There are two policies to be reconciled: the public policy that an innocent man is not to be condemned when his innocence can be proved and the public policy that the identity of the informer must be protected for his own safety and to prevent the supply of information from drying up. The convictions in R v Agar where the judge refused the disclosure of the name of the informer and in R v Langford where disclosure of the name of the agent provocateur was refused were both quashed. The need for a fair trial, therefore, requires that any information which impinges on an issue of interest to the defence, present and potential, as to confirm an alibi or to buttress the defence that the small amount of cannabis resin found in a criminal charge under the Misuse of Drugs Act 1971 was planted must be disclosed; otherwise the convictions would be quashed.

It must be noted, however, that a police informer who voluntarily wishes personally to sacrifice his anonymity is not prevented from doing so by the automatic application of the principle of public interest immunity at the behest of the relevant police authority.

(ii) Disclosure of documents and relevant materials

Withholding “relevant materials', that is, statements which undermine the prosecution case or strengthen the case of the defendant, brings into focus article 6 (3) (b) – “the right … to have adequate time and facilities for the preparation of his defence” – and Article 6 (3) (d) of the Convention – the right “to examine or have examined witnesses against him and to obtain the attendance and examination of witnesses on his behalf”. The problem, however, is the balancing of the competing interests of public interest immunity and fairness to the defendant claiming disclosure. At common law, the prosecution has a duty to disclose earlier statements of a witness which are inconsistent with the evidence given at trial. Whilst Part I of the Criminal Procedure and Investigations Act 1996 (CIPA 1996) (as amended) enacts statutory provisions dealing with disclosure by the prosecution and Part II deals with criminal investigations and the duty of the Secretary of State to promulgate a disclosure code, the common law rules on public interest immunity remain unaffected. But reconciling public interest immunity and fairness to the defendant remains a thorny problem despite Lord Taylor CJ's guidelines in R v Keane :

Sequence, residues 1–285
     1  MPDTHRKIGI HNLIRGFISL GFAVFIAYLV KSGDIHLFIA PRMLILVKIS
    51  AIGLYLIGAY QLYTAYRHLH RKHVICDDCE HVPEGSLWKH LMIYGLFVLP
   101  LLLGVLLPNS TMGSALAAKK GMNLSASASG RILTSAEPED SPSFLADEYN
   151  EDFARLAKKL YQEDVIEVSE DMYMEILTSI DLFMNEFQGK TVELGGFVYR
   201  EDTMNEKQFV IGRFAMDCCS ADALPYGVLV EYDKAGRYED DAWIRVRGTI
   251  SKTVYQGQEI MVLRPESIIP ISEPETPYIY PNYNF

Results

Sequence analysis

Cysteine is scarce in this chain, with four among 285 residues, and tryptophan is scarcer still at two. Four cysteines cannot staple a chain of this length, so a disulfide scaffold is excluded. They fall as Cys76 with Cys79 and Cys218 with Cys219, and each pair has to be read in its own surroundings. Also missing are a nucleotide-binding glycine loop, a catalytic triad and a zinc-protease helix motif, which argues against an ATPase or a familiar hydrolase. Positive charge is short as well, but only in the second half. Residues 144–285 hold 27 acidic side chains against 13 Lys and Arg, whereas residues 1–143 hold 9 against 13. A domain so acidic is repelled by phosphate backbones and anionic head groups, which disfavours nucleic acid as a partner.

“First, it is for the prosecution to put before the court only those documents which it regards as material but wishes to withhold … Secondly, when the court is [seised] of the material, the judge has to perform the balancing exercise by having regard on the one hand to the weight of public interest in non-disclosure. On the other hand, he must consider the importance of the documents to the issues of defence, present and potential, so far as they have disclosed to him or he can forsee them”.

The balancing exercise with regard to relevant materials is in a Heraclitan state of flux. In Keane where the prosecution refused on grounds of public interest immunity to disclose relevant materials to the defence, Lord Taylor said:

“Having examined the materials which the Crown put before us, we are wholly satisfied of two matters. First, there was undoubtedly a public interest in not disclosing the material withheld by the Crown. Second, that material had it been disclosed would not have assisted the defence at all.”

But in R v Ward the conviction of the defendant was quashed because the prosecution failed in their duty, which continued during the pre-trial period and throughout the trial, to disclose to the defence all relevant materials.

It must be noted that the term “relevant materials” includes documents. Documents in the custody of police authorities to which public interest immunity may attach include reports, correspondence, memoranda and notes as well as statements and other evidence.